In Horace, city officials asked residents to refrain from using water on Sunday, with the city's water supply shut off because the three lift stations couldn't keep up with the amount of water coming into the stations because of the sump pumps.
The water was turned back on again Monday morning when the situation neutralized.
City council member Craig Hakanson said crews have been busy loading sandbags to help a handful of city residents whose window wells filled with water and caused basement flooding. He said more pumps had been brought in to help the situation.
The city is receiving protection from the Sheyenne Diversion and he said for the most part "we are holding our own and doing pretty well, the pumps are all working and we continue to monitor the situation." Horace city officials also asked residents to direct their sump pumps outside instead of pumping them into the sanitary sewer system.
As for sandbagging in general in the surrounding communities and the metro area, West Fargo High School students pitched in in a big way Monday.
Principal Gary Clark said the issue of helping had been talked about last week, and following a Monday morning meeting with Fargo city officials that expressed urgency for assistance with sandbagging, wheels were set in motion to send out three bus loads of students in the morning and another two in the afternoon.
Waivers were received from parents before the 150 students left the high school in the morning to help out in Fargo. In the afternoon, one of the buses was dispatched to Harwood, the other to Fargo, and about a dozen students were sent to a private home near Harwood.
Clark said a number of other students were also out helping, not reporting in the morning but instead going to private locations to help with the approval of their parents.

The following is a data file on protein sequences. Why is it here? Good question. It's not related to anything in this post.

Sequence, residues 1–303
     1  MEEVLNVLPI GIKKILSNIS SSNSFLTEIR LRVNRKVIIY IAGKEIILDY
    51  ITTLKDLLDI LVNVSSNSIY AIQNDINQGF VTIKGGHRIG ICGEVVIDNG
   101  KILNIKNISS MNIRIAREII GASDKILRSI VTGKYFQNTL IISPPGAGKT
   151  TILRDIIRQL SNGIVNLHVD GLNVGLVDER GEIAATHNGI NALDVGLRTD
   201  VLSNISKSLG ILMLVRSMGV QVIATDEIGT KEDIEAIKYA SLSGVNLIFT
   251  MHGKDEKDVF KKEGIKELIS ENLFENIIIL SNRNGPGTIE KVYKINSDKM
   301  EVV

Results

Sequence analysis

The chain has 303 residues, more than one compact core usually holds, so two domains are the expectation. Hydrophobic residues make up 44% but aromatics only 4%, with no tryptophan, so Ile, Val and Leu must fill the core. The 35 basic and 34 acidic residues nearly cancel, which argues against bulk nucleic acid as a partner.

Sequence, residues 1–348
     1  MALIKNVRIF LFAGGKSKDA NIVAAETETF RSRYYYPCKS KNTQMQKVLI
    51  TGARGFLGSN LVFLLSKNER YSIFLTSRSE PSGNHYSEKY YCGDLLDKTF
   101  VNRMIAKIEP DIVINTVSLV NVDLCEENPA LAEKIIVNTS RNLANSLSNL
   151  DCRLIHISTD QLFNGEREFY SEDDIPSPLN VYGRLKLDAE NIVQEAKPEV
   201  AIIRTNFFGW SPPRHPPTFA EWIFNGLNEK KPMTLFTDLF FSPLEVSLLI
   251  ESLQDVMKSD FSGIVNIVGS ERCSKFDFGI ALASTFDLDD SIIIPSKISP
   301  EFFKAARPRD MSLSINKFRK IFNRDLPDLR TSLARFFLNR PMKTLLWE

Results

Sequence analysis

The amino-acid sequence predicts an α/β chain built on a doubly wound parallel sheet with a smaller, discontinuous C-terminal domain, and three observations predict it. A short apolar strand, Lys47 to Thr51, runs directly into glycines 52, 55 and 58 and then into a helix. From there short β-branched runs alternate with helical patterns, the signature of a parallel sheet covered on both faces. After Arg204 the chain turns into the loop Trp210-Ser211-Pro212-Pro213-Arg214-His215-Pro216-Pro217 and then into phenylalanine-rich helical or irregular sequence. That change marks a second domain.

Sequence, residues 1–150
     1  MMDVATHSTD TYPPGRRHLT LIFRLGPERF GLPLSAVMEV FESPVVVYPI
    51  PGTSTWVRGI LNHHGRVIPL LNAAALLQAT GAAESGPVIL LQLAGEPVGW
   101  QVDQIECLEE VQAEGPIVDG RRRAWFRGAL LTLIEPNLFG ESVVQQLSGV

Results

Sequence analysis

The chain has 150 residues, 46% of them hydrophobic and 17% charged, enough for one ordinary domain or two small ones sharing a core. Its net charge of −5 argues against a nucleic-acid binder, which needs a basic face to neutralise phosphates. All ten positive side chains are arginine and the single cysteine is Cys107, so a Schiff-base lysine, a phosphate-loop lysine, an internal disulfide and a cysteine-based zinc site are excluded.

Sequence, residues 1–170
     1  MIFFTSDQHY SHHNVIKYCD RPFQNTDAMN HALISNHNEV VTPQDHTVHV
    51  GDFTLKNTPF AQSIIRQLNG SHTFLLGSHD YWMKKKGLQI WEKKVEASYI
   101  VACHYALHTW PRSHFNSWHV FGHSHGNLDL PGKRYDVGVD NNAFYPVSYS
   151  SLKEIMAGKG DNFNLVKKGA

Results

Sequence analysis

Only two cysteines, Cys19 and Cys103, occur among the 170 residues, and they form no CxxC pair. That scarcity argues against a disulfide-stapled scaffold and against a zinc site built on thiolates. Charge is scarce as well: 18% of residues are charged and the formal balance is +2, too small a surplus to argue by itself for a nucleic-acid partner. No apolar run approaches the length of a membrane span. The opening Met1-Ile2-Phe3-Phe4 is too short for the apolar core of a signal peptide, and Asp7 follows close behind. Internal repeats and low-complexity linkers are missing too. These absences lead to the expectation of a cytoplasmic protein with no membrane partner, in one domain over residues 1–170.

School was in session Monday, and Clark said the same routine would apply Tuesday, if continuing assistance was warranted.
"It's just like '97, only it takes me back even farther," Clark said. "When I was first a teacher and we didn't have the Diversion, we would let kids out and the teachers would go with them. Having the Diversion changed the nature of things, but we still sent 100s of kids in 1997."
"It was kids working alongside adults that saved the community in 1997. That will no doubt happen again this time. It makes you feel really good that they know it's serious and they are willing to pitch in and help others. We've got a ton of great kids and it doesn't surprise me when they step up to the plate."
Additional information about the flooding situation is available at a variety of local media outlets. To view a map of the Diversion in relation to the city of Horace, West Fargo and Fargo go to: www.westfargond.gov and click on the flood information link.
There is also a link that allows you to assess your flood threat by entering your address: www.floodsmart.gov/noaafloodweek.
Free, filled sandbags are available for any West Fargo resident needing them at the city's Transfer Station, located at 1620 West Main Ave., from 1 to 4 p.m., the remainder of this week.
Residents with any flood, Sheyenne Diversion, or sandbag related questions are asked to call the West Fargo Public Works Department at 433-5400. This number will be temporarily available 24 hours a day.